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Champion Jack Dupree New Orleans Barrelhouse

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catalog number: CDPYCD53

weight in Kg 0,100

$18.29 *

Champion Jack Dupree: New Orleans Barrelhouse

(1960 'Magpie') (73:07/19) Gravier Street Blues, Workhouse Blues, Louise Blues, etc.


Dupree, Champion Jack - New Orleans Barrelhouse CD 1
2: Workhouse Blues
3: Louise Blues
4: Doctor Special
5: My Cabin Inn
6: Slippin´ In After Midnight
7: By My Mother´S Bedside
8: Mean Old Frisco
9: Daybreak Blues
10: Nagging Woman Blues
11: London Special
12: Ici Mo-Mo
13: Come Back Baby
14: Tee-Nana
15: Sometimes I Feel Troubles
16: Number Nine Blues
17: Wig-Headed Woman
18: Pearl Harbour Blues
19: Low Down Dog


Artikeleigenschaften von Champion Jack Dupree: New Orleans Barrelhouse

  • Interpret: Champion Jack Dupree

  • Albumtitel: New Orleans Barrelhouse

  • Format CD
  • Genre Blues

  • Title New Orleans Barrelhouse
  • Label MAGPIE

  • SubGenre Blues - Traditional

  • EAN: 0008637405328

  • weight in Kg 0.100

Artist description "Dupree, Champion Jack"

Champion Jack Dupree

Champion Jack Dupree

Shim Sham Shimmy


Red Robin 130


Ever since he first surfaced on OKeh in 1940 (his '41 platter Junker Blues was the direct precedent for Fats Domino's The Fat Man nearly a decade later), New Orleans native Champion Jack Dupree had been attacking the ivories with a ferocity that anticipated rock 'n' roll.

On 1953's Shim Sham Shimmy, cut for Bobby and Danny Robinson's New York-based Red Robin imprint, his thundering boogie was abetted by Brownie McGhee's crashing, distorted lead guitar (Brownie's brother Stick was also on board, along with bassist Bob Harris and drummer Willie Jones). Dupree was introducing a new dance that had been around forever, yelling lyrics with barrelhouse-tested glee.

Born William Thomas Dupree on July 4, 1910 (or one of several other dates he cited over the years), he spent a lot of his childhood in the New Orleans Home for Colored Waifs (an establishment Louis Armstrong also knew well). He learned to play piano in part from watching local 88s aces Drive 'Em Down and Tuts Washington. Dupree headed north in the early '30s, earning his 'Champion Jack' moniker as a prizefighter. He commenced recording in Chicago for the ubiquitous Lester Melrose on OKeh, then served as a cook in the Navy during World War II (he was a Japanese POW for two years).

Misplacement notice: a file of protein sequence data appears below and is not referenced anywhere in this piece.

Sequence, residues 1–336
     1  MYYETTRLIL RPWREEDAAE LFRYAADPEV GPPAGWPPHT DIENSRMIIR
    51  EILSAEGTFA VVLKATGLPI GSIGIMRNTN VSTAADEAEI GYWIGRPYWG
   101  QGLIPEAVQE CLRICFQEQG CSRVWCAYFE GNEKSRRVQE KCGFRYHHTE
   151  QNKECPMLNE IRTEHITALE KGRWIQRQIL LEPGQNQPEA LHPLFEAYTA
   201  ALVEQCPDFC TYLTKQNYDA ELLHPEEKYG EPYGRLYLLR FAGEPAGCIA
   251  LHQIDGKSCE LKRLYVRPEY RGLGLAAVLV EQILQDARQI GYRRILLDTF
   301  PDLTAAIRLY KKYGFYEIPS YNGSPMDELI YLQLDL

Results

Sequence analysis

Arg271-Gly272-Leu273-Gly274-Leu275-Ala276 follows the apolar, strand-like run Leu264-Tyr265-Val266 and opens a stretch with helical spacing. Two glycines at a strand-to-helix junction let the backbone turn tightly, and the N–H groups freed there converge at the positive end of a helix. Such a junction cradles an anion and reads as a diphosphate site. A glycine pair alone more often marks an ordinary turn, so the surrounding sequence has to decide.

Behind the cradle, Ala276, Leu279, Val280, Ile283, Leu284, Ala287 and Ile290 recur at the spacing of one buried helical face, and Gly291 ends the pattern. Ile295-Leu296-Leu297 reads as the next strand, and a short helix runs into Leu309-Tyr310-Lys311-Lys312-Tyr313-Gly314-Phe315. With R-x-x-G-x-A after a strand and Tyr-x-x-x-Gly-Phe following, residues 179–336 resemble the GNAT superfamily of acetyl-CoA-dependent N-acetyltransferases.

Back stateside after the war, Dupree settled into the postwar New York scene and was much in demand as a recording entity, judging from the volume of his postwar discography (labels included Joe Davis, Continental, Lenox, Alert, Apollo, Abbey, Apex, Gotham, Derby, King, and Harlem). Thanks to McGhee's blazing electric axe, Jack's three Red Robin singles hit as hard as anything he did during this nomadic period. Dupree settled into a stable relationship with King Records later in '53, then RCA's Groove and Vik subsidiaries in 1956-57. The piano man made a seminal LP for Atlantic in '58, 'Blues From The Gutter,' then bid the U.S. adieu for the welcoming shores of Europe, where he thrived for the next three decades.

Dupree finally returned to New Orleans to perform at the 1990 'Jazz & Heritage Festival' and make a CD for Bullseye Blues. He was diagnosed with cancer the next year and died in his adopted hometown of Hannover, Germany on January 21, 1992.

- Bill Dahl -

Chicago, Illinois


Electric Blues 1939-2005. - The Definitive Collection!

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